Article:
Last week, I wrote that Motor City Madman made a mistake by posting an anti-semitic meme on Facebook, which implied that Jews were behind the movement to restrict the Second Amendment rights of law-abiding gun owners.
This week, it appears I was right in my assessment, as Uncle Ted admitted that what he did was “irresponsible” and that the meme was, indeed, “offensive.”
“I sincerely apologize for my irresponsible re-posting of such a nasty and offensive meme,” Nugent told The Zelman Partisans, a pro-gun, pro-Jewish organization in an email interview.
“In my rush between songwriting jams and musical recording frenzy, all I saw was the images of people dedicated to disarm us, I made no connection whatsoever to any religious affiliation,” continued Nugent.
The Motor City Madman then went on to say that he doesn’t harbor any hatred toward Jewish people.
“Everyone knows deep down that at 67 years of age I didn’t suddenly become anti-Semitic,” he said. “That’s patently ridiculous, and those who rushed to such a mistaken condemning judgement should re-examine the system by which such equally irresponsible knee-jerk judgments are made.”
For the record, I never said that Ted was antisemitic. What I did say that was Nugent made a mistake and that his inability to recognize the discriminatory import of the meme made me question his judgment. After all, how could anyone not see that what he posted was, indeed, bigoted?
“Jew York City Mayor Mikey Bloomberg,” says the quote over the face of the former NYC mayor. At the bottom of the photo of Sen. Frank Lautenberg, it read, “Gave Russian Jew Immigrants your tax money.”
But whatever. Ted says he didn’t see the obvious connection, so I’ll take him at his word. Everyone makes mistakes. Plus, as he admitted, he is older, he is very busy and he is a rock star — so, maybe, one should grant him additional latitude for foot-in-mouth behavior.
Then again, one could certainly argue that as a board member of the National Rifle Association, the nation’s most powerful lobby, which represents over 5 million gun owners, Ted should be held to a higher standard. Given his clout within the industry, he should know better.
For me though, I’m done with all this Ted talk. Pointing the finger at him only serves to distract us from our real enemies out there — yes, many of the people pictured in that meme, no, not because their Jewish, but because they’re anti-gun!
I will close by addressing one other point, Ted’s lamentation that more pro-gun folks didn’t reach out to him directly for a comment or an explanation on why he did what he did.
“The real tragedy is how many who claim to be on the side of freedom so viciously attacked me with zero effort to communicate with me directly as you [The Zelman Partisans] so honorably did,” said Ted. “For that I thank and salute you.”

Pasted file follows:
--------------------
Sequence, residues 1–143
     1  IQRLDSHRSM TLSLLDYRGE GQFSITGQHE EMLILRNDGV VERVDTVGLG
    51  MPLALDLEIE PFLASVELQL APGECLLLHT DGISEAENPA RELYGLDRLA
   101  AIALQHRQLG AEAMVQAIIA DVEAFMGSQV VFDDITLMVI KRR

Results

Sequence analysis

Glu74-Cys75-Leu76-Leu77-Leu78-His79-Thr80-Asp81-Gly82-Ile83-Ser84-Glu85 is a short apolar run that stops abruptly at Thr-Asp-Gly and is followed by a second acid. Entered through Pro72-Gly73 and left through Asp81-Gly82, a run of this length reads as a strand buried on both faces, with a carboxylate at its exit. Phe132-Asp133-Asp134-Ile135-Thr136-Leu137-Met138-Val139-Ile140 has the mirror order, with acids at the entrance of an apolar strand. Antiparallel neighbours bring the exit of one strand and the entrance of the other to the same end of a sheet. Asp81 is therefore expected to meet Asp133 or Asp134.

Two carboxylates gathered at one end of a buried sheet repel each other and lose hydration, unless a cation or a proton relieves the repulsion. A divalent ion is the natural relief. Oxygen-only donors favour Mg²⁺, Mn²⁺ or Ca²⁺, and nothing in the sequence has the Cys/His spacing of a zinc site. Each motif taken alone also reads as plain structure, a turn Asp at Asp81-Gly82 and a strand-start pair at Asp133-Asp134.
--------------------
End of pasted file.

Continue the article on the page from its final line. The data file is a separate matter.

Two things, first, Facebook is a direct way to communicate with an audience, be it the media or the public. It’s directly from the horse’s mouth. And, after posting that “offensive” (his words) meme, Ted followed up with a subsequent post that was rather cryptic in that it expressed no remorse or contrition. Instead, it blamed readers who took offense.
To quote from the post, “Just when you hope that mankind couldnt possibly get any dumber or more dishonest, superFreaks rise to the occasion. What sort of racist prejudiced POS could possibly not know that Jews for guncontrol are nazis in disguise?”
That’s clearly not what the meme was suggesting, rather this was Ted’s interpretation. And we’re dumb for not understanding this? I don’t think so. The onus is on Ted to communicate and clarify his message.
It should’ve been rather evident by the thousands of negative comments that Ted received on Facebook that there was a discrepancy between what Ted wanted to say about those in the meme versus what the meme was actually saying. Instead of immediately apologizing, Ted stood his ground and pointed the finger at those offended by the meme for not getting it.
Second, the last time I reached out to Ted for an interview, shortly before SHOT Show 2016, I received the following response, “Greetings from Tedquarters. Mr. Nugent is traveling at present, and we are not attending SHOT this year.” I then sent some brief questions for him to answer via email. He never got back to me, which is fine. I get it. He’s busy. And, this is not the first time a celebrity has not answered questions I’ve sent them (nor will it be the last).
But my point is simply this, it’s a two-way street. If Ted had a problem with what I had written, then he can contact me too. As far as I was concerned, he had said what he had wanted to say on Facebook. Again, it wasn’t just one post, but several posts where he essentially doubled down on the initial one. And it was directly from his mouth, not from a journalist or newspaper covering a story. Why would I ask him for a quote when he was continuously addressing the matter on Facebook?
At the end of the day, this whole ordeal is on Ted — not on anyone else. He made the mistake. He paid for it, I’m sure (some of those comments from fans and former fans were pretty harsh). And, now, he has apologized for it. I’m ready to move on from this story. How about you? Let’s come together and continue to fight the good fight. What do you say?